Chinese language

July 22, 2015

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Before we start explaining our China times, let me just walk you through some basics of the Chinese language so you can understand how to say the place names that we’re throwing at you.

The Chinese language is one of the most difficult to learn in the world, and that’s not just my opinion, it’s shared by many people that I have met along the way. I first started trying to learn it in WuXi where I had an one hour lesson every weekday over my lunchtime. The teacher, Zhu Lan Lan was her Chinese name and Charlotte was her self given English name, used to bring me home cooked Chinese food for me to try whilst I learnt because she knew that I was giving up my chance to go to the market to get lunch. I still remember how kind and attentive she was.

I’ll try and break down some of the basics for you here so that you can understand how to pronounce some of the things we see and places we visit.

There are four tones in Chinese – the first tone is straight and high, the second tone starts roughly half way and moves upwards, the third starts from the same position but moves downwards before moving up to the highest point, and the fourth starts high and ends low with a short and sharp delivery. We probably won’t include these tones in the posts but they’re important as each word in Chinese has four different meanings according to the tone it is given, and then even more if it’s combined with another word.

Tones-in-Mandarin-Chinese

As you can see there’s a fifth tone that is sometimes used as well. A tone that has no tone, are you starting to understand how hard it gets?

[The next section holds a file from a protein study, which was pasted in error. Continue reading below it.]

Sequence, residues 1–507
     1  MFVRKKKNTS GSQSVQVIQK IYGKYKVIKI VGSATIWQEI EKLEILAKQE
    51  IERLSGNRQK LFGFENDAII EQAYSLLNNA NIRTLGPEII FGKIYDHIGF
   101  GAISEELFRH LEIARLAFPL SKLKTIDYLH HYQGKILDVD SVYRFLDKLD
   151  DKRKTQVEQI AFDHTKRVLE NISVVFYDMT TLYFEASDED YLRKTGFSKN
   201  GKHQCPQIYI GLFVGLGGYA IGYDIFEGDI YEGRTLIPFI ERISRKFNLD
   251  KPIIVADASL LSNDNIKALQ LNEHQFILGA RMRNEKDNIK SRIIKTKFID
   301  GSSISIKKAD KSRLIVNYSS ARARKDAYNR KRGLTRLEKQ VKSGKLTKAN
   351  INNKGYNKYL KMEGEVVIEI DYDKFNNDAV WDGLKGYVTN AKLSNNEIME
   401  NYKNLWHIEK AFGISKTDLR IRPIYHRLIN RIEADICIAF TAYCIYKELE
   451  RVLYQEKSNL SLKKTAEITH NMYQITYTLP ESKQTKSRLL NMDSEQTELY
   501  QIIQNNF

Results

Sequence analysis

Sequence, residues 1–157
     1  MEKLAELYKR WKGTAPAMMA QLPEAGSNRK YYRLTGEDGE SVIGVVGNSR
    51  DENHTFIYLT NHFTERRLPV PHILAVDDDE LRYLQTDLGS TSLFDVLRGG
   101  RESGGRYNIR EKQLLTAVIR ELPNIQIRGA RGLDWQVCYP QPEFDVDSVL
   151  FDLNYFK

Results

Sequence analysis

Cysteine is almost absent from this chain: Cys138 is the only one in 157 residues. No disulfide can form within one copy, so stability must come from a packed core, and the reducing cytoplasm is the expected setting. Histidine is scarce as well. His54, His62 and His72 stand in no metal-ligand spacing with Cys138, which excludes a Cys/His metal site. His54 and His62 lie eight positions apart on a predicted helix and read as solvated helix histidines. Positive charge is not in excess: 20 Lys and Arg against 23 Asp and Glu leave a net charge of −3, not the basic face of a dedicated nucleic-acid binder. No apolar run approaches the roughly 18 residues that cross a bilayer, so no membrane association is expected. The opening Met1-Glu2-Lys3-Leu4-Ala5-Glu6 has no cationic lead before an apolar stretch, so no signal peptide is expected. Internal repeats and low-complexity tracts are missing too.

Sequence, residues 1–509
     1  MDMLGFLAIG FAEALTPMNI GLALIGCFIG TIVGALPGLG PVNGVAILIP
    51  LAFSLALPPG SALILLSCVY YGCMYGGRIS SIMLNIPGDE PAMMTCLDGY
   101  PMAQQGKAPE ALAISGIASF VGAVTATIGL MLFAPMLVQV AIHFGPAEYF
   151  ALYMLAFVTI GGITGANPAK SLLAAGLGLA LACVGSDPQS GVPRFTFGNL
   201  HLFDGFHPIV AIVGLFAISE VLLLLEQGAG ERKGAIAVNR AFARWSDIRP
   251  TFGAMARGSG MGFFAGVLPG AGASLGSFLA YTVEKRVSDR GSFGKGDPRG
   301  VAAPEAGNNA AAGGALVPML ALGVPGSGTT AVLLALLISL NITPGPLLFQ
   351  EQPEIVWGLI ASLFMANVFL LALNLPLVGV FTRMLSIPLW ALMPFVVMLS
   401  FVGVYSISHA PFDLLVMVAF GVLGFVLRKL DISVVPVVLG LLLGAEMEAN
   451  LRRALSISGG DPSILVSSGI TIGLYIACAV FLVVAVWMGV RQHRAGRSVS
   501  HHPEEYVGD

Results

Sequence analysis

The tones are a lot like musical phrases and it’s not particularly important to know where to start the phrase but it is important to follow the patterns. Although in general, a lot of Chinese men will use the same intonations, and a lot of Chinese women will use a slightly higher intonation than the men, so if you follow their lead then they’re more likely to understand you.

The pronunciation of Chinese is different from European languages, it involves a lot more sounds from the back and middle of your mouth. Here’s a few examples:

A suffix for a lot of words is -ang, you would be forgiven for thinking that this would be pronounced with a short ‘a’ sound like angle, but it’s not it’s a long ‘ahhhh’ with a soft ‘ng’ sound which sounds much like an after thought of breath.

As a general rule, Zh is pronounced similarly to a soft ‘j’, and Q is pronounced as a soft ‘ch’ sound. Everything else is roughly as it looks in the romanised alphabet they have called ‘pinyin’.

When you see a word like ‘he’ you’d think that that’s pronounced like the article for a male but it’s actually pronounced ‘heurgh’. Each suffix has a distinct sound that is repeated with whatever prefix. There are very little exceptions in Chinese but there are a couple, for example shi, is pronounced ‘Sheurgh’ and qi is pronounced ‘chee’.